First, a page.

Cameroon’s Anglophone crisis- Address humanitarian consequences of prolonged conflict and urge AU’s personal reckoning
(Author: RACHEL GREENWOOD)
Cameroon’s Anglophone crisis is one of the continent’s most forgotten conflicts and still the protracted crisis has contributed to mass displacement, a humanitarian crisis, and violence that impacts the government, separatists, and civilians. This crisis has its roots in colonialism and has gone from a relatively small protest from a group of marginalized Anglophone civilians to a fully-fledged separatist movement.
As Anglophone resistance has escalated into an armed conflict, it has had a significant impact on civilians. Indeed, as of 2022 – over five years since the conflict began – over 712,000 people were internally displaced in the Anglophone regions and in the Francophone Littoral, West, and Center regions as of August 2021, and at least 2.2 million were in need of humanitarian aid. Meanwhile, the AU, which has a long history of avoiding secessionist conflicts, has been very silent on the humanitarian crisis in Cameroon, while the US has resorted to business as usual while also engaging in policy stalemates on the matter.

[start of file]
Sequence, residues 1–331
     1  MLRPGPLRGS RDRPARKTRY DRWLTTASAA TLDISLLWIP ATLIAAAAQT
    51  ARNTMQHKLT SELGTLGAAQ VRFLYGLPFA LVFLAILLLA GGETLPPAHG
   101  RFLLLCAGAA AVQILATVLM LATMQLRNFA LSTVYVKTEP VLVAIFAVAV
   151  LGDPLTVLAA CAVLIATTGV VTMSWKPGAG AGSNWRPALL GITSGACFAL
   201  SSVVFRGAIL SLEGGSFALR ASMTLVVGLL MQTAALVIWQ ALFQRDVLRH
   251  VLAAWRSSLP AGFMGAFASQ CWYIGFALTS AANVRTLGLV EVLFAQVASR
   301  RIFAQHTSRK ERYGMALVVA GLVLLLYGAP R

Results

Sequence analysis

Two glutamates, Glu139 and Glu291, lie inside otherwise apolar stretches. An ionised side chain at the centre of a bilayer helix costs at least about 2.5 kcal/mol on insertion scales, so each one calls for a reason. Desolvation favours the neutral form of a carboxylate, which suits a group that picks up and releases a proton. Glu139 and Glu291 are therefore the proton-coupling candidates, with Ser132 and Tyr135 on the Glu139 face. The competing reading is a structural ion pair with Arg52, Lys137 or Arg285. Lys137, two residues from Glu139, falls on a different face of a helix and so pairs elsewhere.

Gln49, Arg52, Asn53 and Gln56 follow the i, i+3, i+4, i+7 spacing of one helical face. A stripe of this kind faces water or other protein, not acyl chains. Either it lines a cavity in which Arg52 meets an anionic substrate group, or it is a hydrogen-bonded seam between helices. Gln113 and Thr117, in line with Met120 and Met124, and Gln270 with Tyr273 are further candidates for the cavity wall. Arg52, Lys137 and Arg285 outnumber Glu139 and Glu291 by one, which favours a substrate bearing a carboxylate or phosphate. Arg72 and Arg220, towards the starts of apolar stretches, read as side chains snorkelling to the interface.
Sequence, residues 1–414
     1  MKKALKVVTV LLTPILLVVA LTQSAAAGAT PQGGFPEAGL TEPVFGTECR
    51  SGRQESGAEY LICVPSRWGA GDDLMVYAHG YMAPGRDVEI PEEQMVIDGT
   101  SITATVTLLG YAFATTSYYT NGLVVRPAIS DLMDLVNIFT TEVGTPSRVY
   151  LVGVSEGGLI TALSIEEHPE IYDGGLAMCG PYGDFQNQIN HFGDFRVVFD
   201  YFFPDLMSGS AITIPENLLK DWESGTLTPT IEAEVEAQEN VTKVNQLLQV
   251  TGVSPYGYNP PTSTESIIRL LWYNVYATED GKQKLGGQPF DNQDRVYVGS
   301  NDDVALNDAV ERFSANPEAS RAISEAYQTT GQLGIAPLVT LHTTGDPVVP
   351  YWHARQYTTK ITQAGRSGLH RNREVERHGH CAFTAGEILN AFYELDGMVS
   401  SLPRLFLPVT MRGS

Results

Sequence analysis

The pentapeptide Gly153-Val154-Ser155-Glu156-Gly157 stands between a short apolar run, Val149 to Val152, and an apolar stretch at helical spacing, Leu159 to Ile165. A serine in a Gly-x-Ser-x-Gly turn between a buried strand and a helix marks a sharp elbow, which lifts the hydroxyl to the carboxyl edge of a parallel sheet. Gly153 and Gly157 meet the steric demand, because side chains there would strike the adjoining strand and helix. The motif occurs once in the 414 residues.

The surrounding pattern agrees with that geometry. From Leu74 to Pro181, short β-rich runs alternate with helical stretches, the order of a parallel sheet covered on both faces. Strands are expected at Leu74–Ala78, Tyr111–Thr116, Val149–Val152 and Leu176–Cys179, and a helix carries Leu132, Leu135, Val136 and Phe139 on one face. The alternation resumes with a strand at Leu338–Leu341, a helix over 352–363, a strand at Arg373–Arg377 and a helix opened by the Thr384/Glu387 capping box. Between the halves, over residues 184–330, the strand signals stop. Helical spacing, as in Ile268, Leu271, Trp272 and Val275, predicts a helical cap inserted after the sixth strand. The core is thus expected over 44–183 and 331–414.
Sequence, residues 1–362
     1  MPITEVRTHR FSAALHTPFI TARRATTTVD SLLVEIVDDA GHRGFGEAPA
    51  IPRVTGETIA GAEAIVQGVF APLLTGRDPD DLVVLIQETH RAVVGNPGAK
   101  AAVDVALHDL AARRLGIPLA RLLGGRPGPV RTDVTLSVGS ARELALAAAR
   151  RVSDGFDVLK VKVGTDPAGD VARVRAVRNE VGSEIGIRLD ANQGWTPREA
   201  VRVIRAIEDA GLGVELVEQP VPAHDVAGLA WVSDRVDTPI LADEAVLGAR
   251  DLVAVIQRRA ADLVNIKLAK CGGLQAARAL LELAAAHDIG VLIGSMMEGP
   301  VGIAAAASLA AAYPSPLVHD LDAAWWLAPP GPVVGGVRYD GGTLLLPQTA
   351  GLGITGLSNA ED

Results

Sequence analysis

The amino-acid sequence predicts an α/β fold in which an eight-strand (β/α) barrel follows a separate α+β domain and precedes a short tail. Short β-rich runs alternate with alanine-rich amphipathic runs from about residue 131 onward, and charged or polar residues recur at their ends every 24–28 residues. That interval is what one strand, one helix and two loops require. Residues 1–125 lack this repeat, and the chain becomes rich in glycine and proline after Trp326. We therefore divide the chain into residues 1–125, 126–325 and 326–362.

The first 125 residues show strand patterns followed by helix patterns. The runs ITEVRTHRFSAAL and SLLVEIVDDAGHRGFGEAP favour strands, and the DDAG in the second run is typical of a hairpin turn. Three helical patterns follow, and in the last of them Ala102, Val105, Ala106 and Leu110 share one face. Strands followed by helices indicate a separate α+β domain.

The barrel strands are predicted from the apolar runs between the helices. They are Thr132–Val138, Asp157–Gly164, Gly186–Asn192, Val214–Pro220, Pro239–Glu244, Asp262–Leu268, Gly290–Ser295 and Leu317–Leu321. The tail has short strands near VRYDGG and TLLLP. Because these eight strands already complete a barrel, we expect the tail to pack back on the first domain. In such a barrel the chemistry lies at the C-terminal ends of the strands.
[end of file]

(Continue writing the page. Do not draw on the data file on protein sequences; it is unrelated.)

Cameroon’s Anglophone crisis has touched every sphere of the country and the conflict has been particularly stark for education and children’s futures. Students affected by the crisis often face difficult options, whether to finish schooling in the midst of protracted conflict and limited educational opportunities or start working and abandon dreams of an education. Neither option is a good one, but these are the realities of the Anglophone crisis that the world has chosen to largely ignore.
The Anglophones of Cameroon are twenty percent (20%) of the population and have experienced marginalization at the hands of the Francophone-majority government since independence. A movement led by teachers, lawyers, and students emerged in October 2016, and called for a return to a federal model of government that existed from 1961 to 1972. Anglophone secessionists have mobilized the discontent into a fully-fledged separatist movement, with the Anglophone regions seeking independence from Francophone Cameroon.
Concerns about violence and a humanitarian crisis emerged in 2016 when government forces responded to the Anglophone demonstrations with excessive force and have grown as the government and separatists engage in a protracted conflict with no clear resolution in sight.
Indeed, the government response to the 2016 protests sparked further agitations and calls for secession. Since then, the conflict has evolved into a violent and protracted conflict, involving military operations by the government and violence by the armed separatist groups. The conflict has had significant consequences for civilians, including death, displacement, and a humanitarian crisis – which is magnified by insecurity and climate-related events, like floods and droughts – in the affected regions. In addition, the humanitarian crisis includes food insecurity, displacement, school closures, and inadequate access to health care and a higher incidence of health epidemics like cholera.